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TBTF: a site to behold

Jon Katz
First Amendment Center scholar


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Post-Monica, the press is full of hand-wringing: about what political and journalistic life will be like without the scandal.

One reporter called last week to wonder how life on the Web would change once the impeachment proceedings were resolved. I said I didn't think life on the Web would be different at all. Why would Webheads pay much attention to the journalistic sex police or shrieking ideologues on MSNBC, or to national reconciliation gatherings on CNN (the country doesn't need any healing; just Washington reporters and politicians do), when there's so much good stuff out there on the Internet?

Give me an example, she asked. I suggested Tasty Bits from the Technology Front, not only one of the best sources of technology news, but a prime example of how smart people are making their own media all over the Web and the Net and sharing it with the rest of us, usually at great personal effort and often for free.

TBTF was launched in l994 by Boston-based Web consultant Keith Dawson, who was fascinated by the digital culture. Setting out to collect news and writings so that he could educate his colleagues about Internet commerce, he called his gleanings "tasty bits from the technology front," and that's just what they are. Like many new media people, Dawson has some new ideas about what media really is. His mind ranges widely; his interests are eclectic. He's as apt to be writing about exploding digital cameras and the Open Source Software movement as he is about astrophysics and quantum computers.

TBTF is small, traffic-wise. It gets anywhere from 500 to 1,000 visits a day, depending on what's going on. Updated continuously, it always has something fresh and interesting to offer, from updates on the Microsoft trial in Washington to coverage of protests over high telecom costs.

Local TV stations love to brag that they're offering stories you won't get anywhere else; on TBTF, it's actually true. There was the story about a hare-brained Russian scheme to orbit a huge space mirror to light up Siberia (it broke), and a story called "Dark Skies" about how light pollution was seeping from the earth into outer space. "Silicon creatures" explained why your server pages might be a bit too active. Then there was the report on Kodak's recall of a line of AC adapters that, when not properly plugged into digital cameras, can overheat, leak acid, or even explode. The headline? "Ka-Boom." Plus there's running commentary on Microsoft in general and its antitrust trial in particular.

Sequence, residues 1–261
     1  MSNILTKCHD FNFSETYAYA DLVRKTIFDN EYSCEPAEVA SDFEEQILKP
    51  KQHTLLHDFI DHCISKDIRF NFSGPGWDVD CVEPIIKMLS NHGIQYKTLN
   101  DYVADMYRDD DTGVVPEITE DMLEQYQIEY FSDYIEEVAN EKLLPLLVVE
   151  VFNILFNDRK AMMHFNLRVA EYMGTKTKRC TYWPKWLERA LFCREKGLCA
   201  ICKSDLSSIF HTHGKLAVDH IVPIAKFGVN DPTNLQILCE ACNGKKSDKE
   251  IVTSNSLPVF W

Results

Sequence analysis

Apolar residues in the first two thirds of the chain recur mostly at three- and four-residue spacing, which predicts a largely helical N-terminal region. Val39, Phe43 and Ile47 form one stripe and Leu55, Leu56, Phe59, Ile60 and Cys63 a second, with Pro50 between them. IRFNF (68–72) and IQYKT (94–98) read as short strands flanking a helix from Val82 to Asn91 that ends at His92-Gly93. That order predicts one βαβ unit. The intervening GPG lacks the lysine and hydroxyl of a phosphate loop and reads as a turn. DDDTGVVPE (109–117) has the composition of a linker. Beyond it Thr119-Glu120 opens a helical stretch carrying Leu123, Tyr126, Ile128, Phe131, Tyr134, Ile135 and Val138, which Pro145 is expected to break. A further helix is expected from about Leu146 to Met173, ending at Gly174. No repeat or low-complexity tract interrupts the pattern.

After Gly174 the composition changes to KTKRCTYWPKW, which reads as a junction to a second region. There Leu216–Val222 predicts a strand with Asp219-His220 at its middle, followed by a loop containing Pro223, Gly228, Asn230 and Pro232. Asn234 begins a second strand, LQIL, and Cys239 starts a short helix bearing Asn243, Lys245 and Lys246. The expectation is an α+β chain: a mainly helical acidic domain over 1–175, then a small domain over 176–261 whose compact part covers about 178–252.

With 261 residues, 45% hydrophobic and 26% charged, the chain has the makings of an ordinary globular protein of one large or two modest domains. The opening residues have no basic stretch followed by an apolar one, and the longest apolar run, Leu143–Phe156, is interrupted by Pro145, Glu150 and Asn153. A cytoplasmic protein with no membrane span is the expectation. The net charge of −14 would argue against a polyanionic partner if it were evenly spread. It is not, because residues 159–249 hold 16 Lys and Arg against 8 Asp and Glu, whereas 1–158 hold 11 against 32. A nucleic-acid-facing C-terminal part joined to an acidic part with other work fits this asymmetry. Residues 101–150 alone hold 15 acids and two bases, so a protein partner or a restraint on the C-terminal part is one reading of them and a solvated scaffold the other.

This is the opposite of the corporatized, homogenized, mass-marketed and "objective" media that have devoured journalism. Dawson publishes TBTF because he loves the Net and wants to contribute something to it. Rather than whine about the media's shortcomings, he uses new technology to do something about it: He creates his own medium. In that way, he's a harbinger of media's future.

Over time, TBTF's eclectic coverage paints a surprisingly thorough view of the cultural and political impact of new technology. One of my favorite features is the "Jargon Scout," a frequently updated report on new Net lingo. Web developers use the phrase, "We have to eat our own dog food," Dawson reports, to mean that they actually have to use the products they develop. As in a Microsoft designer announcing, "We have to dog-food the architecture before we release it."

TBTF saw the Open Source Software movement coming years before it reached the attention of most newspapers and business magazines. And while most journalists were slobbering all over Bill Gates, TBTF has been chronicling t he expensive and frustrating bugs endemic among arrogant software makers.

It pointed out, for instance, that the editors of BugNet have presented an award each year since 1994 to the software company turning in the best bug-fix performance. Last year the editors surveyed the field and, scowling in disgust, refusing to grant an award. "We are in the midst of a PC quality/support crisis," Dawson quoted BugNet's editors as concluding.

This consumer story, which affects millions of hapless American computer users, is routinely ignored by "consumer" reporters in journalism who scour supermarkets in search of tainted lettuce but never look at the outrageous, expensive foul-ups that routinely plague the greedy and arrogant computer industry.

TBTF is, in every journalistic sense, one of the best outlets in old or new media. It's impossible to go on TBTF without learning something new or interesting. Like most good Net and Web sites, TBTF includes vigorous public discussion areas where readers can share information and argue about Dawson's tasty bits, sometimes in brainy, usually civilized, running conversations that continue for months, even years.

TBTF will never show up on any journalistic list of important new-media sites — reporters are much too busy tittering about Matt Drudge. That's too bad. TBTF makes the point that news can have a point of view, can be personal and idiosyncratic — and still profoundly useful. In this case, it's also a prescient guide to what tomorrow's media are likely to look like.